Many UK NHS Trusts are at risk of missing the extended cut-off deadline for Windows XP support in April 2015, according to the results of several Freedom of Information requests by software firm Citrix.
Although the government acquired a support extension, the FOI request found that the trusts have been slow to make the transition, or are simply unsure when their transition would be complete.
Windows XP is still in use across all 35 UK trusts, and 74 per cent were planning to migrate their last device in March 2015.
David Harley, a former NHS IT manager who now works as a senior researcher with net security firm ESET, told El Reg it's the intention of bodies to migrate (where practical) that's important, and the technologies they intend to use to achieve these goals are secondary concerns.
"I'm not shocked that 74 per cent intend to have finished migration just before Microsoft withdraws extended support, though I hope those organisations haven't underestimated the amount of time they need," Harley said.
He added that not too much should be read into figures from Citrix's FOI that 14 per cent of trusts were "unsure when they would transition their last computer". Whether or not this is an issue would depend on risk assessment and some lab systems might even need to stay on XP in order to run particular applications not available on more modern systems.
"The fact that 14 per cent are uncertain about their end date is natural," Harley explained. "Even if that means that some of them will be migrating after the cut-off date (I have no idea whether that is the case) we don't know if the machines concerned are either at significant risk or pose significant risk."
As exclusively reported by El Reg back in January thousands of PCs at Britain’s biggest public sector bodies would miss Microsoft’s April deadline to abandon Windows XP. HMRC and the NHS in England and Scotland will still be running thousands of systems using Windows XP after Microsoft severs the general support lifeline on 8 April.
NHS Scotland has 3,603 PCs with 3,537 on Windows XP and the same number on IE6, according to a series of FOI requests lodged by us with UK government organisations. Plans to replace Windows XP and IE 7, migrating to Windows 7 and IE 8 and, in a few cases, Windows 8 and 10, were already in place north of the border.
The picture was more confusing in England and Wales. FOI requests revealed that there are total of 1.1m PCs and laptops running Windows at trusts, GPs and other health groups that comprise the NHS in England. However, the NHS in England said it didn't have any information about the state of Windows XP’s penetration or migration work. No central records are kept, as migration is the responsibility of individual hospitals, community trusts, ambulance services, and GP surgeries.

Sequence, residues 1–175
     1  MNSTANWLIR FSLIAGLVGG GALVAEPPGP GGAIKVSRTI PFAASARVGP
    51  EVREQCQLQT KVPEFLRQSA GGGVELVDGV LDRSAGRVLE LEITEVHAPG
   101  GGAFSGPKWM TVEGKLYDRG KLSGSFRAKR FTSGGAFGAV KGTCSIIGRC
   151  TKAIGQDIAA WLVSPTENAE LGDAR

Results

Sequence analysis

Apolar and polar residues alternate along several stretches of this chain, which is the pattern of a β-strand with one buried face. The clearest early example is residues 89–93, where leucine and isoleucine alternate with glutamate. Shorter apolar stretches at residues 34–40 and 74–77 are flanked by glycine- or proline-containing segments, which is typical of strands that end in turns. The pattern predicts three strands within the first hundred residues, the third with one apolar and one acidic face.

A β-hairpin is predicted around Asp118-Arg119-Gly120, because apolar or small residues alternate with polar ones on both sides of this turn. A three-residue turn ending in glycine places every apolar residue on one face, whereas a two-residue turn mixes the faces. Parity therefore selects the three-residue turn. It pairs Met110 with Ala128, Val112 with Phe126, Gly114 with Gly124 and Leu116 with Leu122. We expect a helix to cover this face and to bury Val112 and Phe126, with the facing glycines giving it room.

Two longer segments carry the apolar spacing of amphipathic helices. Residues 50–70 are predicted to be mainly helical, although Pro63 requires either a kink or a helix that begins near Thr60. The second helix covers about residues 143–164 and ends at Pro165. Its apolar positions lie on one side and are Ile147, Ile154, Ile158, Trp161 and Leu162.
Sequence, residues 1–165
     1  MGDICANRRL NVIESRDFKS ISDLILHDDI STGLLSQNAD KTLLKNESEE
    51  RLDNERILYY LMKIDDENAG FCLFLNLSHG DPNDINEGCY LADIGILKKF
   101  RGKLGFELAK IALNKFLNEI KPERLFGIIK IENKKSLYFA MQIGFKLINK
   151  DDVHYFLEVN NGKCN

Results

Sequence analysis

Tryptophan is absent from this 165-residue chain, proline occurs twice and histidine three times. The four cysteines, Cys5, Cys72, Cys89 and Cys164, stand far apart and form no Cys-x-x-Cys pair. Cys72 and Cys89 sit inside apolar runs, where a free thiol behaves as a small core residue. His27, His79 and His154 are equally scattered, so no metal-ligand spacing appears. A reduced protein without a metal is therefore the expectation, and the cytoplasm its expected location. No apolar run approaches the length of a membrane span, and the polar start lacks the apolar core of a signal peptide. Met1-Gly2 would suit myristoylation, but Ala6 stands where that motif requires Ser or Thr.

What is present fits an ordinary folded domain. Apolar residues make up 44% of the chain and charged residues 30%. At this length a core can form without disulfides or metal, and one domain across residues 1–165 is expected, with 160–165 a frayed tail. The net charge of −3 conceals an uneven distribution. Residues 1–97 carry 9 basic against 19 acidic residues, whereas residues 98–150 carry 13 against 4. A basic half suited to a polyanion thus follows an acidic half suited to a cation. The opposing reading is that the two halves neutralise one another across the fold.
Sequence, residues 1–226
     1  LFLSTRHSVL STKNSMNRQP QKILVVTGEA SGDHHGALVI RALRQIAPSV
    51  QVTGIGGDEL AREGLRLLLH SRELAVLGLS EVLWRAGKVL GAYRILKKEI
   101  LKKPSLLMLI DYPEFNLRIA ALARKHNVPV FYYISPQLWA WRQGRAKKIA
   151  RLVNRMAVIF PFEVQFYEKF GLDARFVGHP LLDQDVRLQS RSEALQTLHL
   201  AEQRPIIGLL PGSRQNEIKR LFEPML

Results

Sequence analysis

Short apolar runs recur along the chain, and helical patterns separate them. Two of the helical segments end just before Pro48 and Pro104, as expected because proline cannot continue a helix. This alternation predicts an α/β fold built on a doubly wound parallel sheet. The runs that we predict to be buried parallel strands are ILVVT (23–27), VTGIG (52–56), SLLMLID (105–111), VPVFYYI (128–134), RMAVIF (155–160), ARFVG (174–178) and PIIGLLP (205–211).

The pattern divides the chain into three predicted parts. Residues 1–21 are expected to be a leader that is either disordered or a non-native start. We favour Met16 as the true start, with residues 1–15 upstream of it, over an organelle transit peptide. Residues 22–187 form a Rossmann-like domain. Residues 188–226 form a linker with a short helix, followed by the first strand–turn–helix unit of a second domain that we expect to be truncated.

Inevitable time lags
Harley explained the general operational environment for IT systems in the NHS, where tight budgets are the norm. The practical upshot of this is that many Windows XP systems might still be in use even past the extended support cut-off next April.
"As far as the NHS is concerned, it's inevitable in a make-do-and-mend/this-is-the-NHS-we-can't-afford-to-upgrade-systems culture that there will be time lags, even when the cut-off has been so prolonged, as was the case with XP," Harley explained.
"What's the real impact of the decline of support? On systems that are used to run a high percentage of the applications, utilities and systems targeted by vulnerabilities that rate a CVE identifier, it may be very serious if there are no security countermeasures (and that's not a plug for AV) in place to counter specific vulnerabilities. Where the uses to which a system is put are severely limited, it may not be so serious," said Harley.
It should be made clear that Harley left the NHS several years ago, so he doesn't have information from the front line about use of Windows XP in the health service. He can however talk about the prevailing general culture where staff are often expected to use systems until they become unworkable or broken, and where efficiency and security become secondary concerns.
"It's the nature of bureaucracies and businesses alike that low-status staff tend to be expected to run low-spec hardware/software that doesn't necessarily correlate to the importance and complexity of the tasks they're responsible for — until the system falls apart. Whereas, high-ranking individuals get high-spec systems and frequent upgrades," Harley said.
He added that this approach is becoming increasingly dangerous from a security perspective, as attackers are increasingly focused on breaking into the networks of targets after first compromising the systems of low-status workers or third-party contractors. ®